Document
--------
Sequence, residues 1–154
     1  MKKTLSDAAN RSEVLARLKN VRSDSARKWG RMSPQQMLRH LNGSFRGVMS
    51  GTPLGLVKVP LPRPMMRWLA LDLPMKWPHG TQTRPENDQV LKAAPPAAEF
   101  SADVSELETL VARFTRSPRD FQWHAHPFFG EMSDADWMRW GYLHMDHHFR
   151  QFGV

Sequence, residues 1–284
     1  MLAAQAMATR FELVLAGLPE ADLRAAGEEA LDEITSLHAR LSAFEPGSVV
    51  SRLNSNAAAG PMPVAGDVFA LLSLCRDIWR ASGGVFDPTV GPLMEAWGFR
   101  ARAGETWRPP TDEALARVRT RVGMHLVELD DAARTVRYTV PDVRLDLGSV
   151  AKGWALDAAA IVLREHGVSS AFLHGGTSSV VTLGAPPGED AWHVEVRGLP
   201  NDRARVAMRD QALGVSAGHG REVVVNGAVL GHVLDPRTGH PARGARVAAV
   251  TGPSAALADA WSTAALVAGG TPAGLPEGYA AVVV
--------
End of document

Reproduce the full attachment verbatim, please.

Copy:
Sequence, residues 1–154
     1  MKKTLSDAAN RSEVLARLKN VRSDSARKWG RMSPQQMLRH LNGSFRGVMS
    51  GTPLGLVKVP LPRPMMRWLA LDLPMKWPHG TQTRPENDQV LKAAPPAAEF
   101  SADVSELETL VARFTRSPRD FQWHAHPFFG EMSDADWMRW GYLHMDHHFR
   151  QFGV

Sequence, residues 1–284
     1  MLAAQAMATR FELVLAGLPE ADLRAAGEEA LDEITSLHAR LSAFEPGSVV
    51  SRLNSNAAAG PMPVAGDVFA LLSLCRDIWR ASGGVFDPTV GPLMEAWGFR
   101  ARAGETWRPP TDEALARVRT RVGMHLVELD DAARTVRYTV PDVRLDLGSV
   151  AKGWALDAAA IVLREHGVSS AFLHGGTSSV VTLGAPPGED AWHVEVRGLP
   201  NDRARVAMRD QALGVSAGHG REVVVNGAVL GHVLDPRTGH PARGARVAAV
   251  TGPSAALADA WSTAALVAGG TPAGLPEGYA AVVV